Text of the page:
My Happy Camper School was scheduled five days after my arrival in Antarctica.  I knew that the training required me to sleep outside and that I would be exposed to elements for approximately 24 hours.  I also knew that Megan had just completed her Field Safety Training the day before our arrival at McMurdo.  Megan greeted us with a nasty cold and a bit of frost nip.  Megan assured us that, despite the extremely cold temperatures (-20° actual temperature and -40° wind chill), she had learned a lot of really useful information.  Megan is a very positive young lady. 

Although my work in Antarctica will not require me to stay in the field, I will have the privilege of taking a few day trips via helicopter.  When dropped off at your destination by the helicopter, you are left with one large, red survival bag for every two members of your travel party.  This is a necessary procedure because at any given time and at any given location in Antarctica the weather could change and change drastically.  The weather might prohibit the helicopter from returning to pick you up.  If this were to happen, there are enough provisions in the red bags for two people to survive off of for several days.  Field Safety Training teaches participants how to use the tools in the red bag and to prepare them to deal with the weather in an unexpected circumstance. 

In a more general sense, field-training instructors teach practical ways for coping with the cold, listening to your body, and staying warm.  These are very important skills.  Many people in McMurdo are required to work outdoors for long hours.  Many scientists live in tents out on the ice for long periods of time in order to conduct research.

Day One

matt and bagWe started our training in the Science Support Center.  Instructor Matt introduced the red bag that we would be learning a lot about in the next two days.  He dumped the bag’s contents onto the floor.  The bag included one mountaineering tent with various tent stakes and a hammer, two sleeping bags, two ground mats, a whisper-light stove with one canister of fuel, some extra clothing (a hat, socks, and gloves), a mountaineers saw and shovel, and enough food to last about five days (some dehydrated meals and food bars.)

deltaAfter listening to some instruction on how our body retains and loses heat and basics about frostbite and hypothermia, we loaded onto a delta and headed for the happy camper site often referred to as “snow city.

When we exited the delta, my immediate thought was “this can’t be all that bad.”  We were dropped of in a beautiful location at the base of Mt. Erebus.  We could see Scott base, White and Black Islands and Mt. Discovery.  Ahead unfolded the beautiful Ross Sea Ice Shelf, and way off in the distance we could see the ANDRILL drill rig, made to look tiny by the distance between us.


eric and stove

Inside the Instructor’s Hut it was cozy and warm.  Eric taught us how to trouble shoot the whisper-light stoves that are so essential to survival.  The flame provided by this stove melts snow for water.  That melted snow then becomes your life line, providing water to drink, hydration for dehydrated food, and a heat source (by filling your water bottle with hot water and putting it by your feet or under your arm pits you help your body maintain its core temperature.) After our stove instruction, we had some lunch, picked up our sleeping bags, and then headed for our campsite.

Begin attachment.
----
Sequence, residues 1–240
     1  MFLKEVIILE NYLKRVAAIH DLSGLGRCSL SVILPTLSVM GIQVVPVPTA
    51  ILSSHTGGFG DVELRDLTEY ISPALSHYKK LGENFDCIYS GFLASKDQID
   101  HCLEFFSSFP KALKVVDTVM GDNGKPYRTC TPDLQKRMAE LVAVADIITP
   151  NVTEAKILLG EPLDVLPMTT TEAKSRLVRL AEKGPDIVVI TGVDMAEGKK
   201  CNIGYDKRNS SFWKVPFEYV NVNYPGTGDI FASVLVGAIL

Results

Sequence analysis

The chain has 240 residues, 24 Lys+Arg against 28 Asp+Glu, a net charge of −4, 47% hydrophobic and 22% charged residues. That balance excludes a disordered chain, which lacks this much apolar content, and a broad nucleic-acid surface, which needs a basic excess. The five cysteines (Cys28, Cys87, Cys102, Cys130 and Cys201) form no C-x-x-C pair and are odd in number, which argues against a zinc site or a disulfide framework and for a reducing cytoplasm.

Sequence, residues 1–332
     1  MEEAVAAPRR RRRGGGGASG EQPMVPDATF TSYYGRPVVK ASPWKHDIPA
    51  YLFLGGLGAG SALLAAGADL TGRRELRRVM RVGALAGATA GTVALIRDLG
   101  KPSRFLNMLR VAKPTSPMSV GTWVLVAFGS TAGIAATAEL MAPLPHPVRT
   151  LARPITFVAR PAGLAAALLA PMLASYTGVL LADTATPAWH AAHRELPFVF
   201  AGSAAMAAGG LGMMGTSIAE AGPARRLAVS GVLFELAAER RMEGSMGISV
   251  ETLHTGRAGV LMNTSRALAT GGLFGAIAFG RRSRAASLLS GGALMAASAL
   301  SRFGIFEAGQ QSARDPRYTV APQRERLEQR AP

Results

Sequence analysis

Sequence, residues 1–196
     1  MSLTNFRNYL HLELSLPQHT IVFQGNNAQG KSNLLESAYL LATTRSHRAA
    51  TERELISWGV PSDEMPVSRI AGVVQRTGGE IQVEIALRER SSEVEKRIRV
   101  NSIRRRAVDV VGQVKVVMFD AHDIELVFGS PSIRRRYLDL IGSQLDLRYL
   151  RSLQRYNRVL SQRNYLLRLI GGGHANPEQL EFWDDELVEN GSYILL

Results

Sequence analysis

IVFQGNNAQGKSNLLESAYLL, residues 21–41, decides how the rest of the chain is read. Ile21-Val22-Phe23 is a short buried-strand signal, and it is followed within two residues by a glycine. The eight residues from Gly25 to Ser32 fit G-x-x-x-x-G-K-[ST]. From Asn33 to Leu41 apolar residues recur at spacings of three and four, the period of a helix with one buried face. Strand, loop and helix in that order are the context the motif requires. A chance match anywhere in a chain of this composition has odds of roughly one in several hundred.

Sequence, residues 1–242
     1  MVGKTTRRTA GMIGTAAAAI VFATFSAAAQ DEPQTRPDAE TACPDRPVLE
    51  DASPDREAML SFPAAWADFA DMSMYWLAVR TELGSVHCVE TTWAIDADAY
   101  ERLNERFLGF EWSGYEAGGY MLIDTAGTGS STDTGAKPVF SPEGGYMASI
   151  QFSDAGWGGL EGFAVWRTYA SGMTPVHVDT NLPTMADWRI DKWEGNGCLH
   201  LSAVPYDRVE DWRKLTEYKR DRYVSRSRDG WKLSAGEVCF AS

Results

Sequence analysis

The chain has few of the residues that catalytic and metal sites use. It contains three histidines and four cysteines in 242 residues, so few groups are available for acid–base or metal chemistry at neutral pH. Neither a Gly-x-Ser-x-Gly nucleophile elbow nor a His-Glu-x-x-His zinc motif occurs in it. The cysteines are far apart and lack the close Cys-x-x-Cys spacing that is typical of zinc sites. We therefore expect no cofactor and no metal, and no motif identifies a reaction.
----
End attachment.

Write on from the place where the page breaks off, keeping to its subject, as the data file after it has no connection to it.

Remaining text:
Our job was to create our own “snow city.”  We would learn to use various pieces of equipment to build shelters that would provide protection from the bone chilling wind and a place to light the stove and melt snow.  The shelters needed to include a snow wall to protect the mountaineering tents, which cannot withstand the strong winds. 

A Scott’s Tent, however, is quite strong and you can actually use it as part of your wall.  The Scott tent was named after the explorer, Sir Robert F. Scott, who designed the tent.  That design has remained relatively unaltered over the last 94 years.  The tent is made of canvas and has two ventilation pipes near its top, which make it possible to cook inside the tent.

scotts hut

Building the wall is really hard work.  You start by making a hole in the snow that is about waist deep.  You then use a saw to cut out snow bricks.  These bricks need to be approximately the same size.  Eric taught us to use our saws to measure the bricks.  After the bricks are cut, wall builders use their shovels to pry up the bricks and then load them onto the sled.  The wall builder puts the bricks in place.  In our case it was Dr. Gerhard Kuhn, an ANDRILL scientist working on the geochemistry/petrography team, who was quite good at wall building.  Building the wall was a lot of work, and it took everybody working as a team to build it.

wall sequence


As we were building the wall, we were also preparing other parts of the camp.  We set up mountaineering tents, built snow trenches,

mountaineering tents

and we all worked together to make a snow quinzee.

Quinzee one

quinzee two

quinzee 3

quinzee 4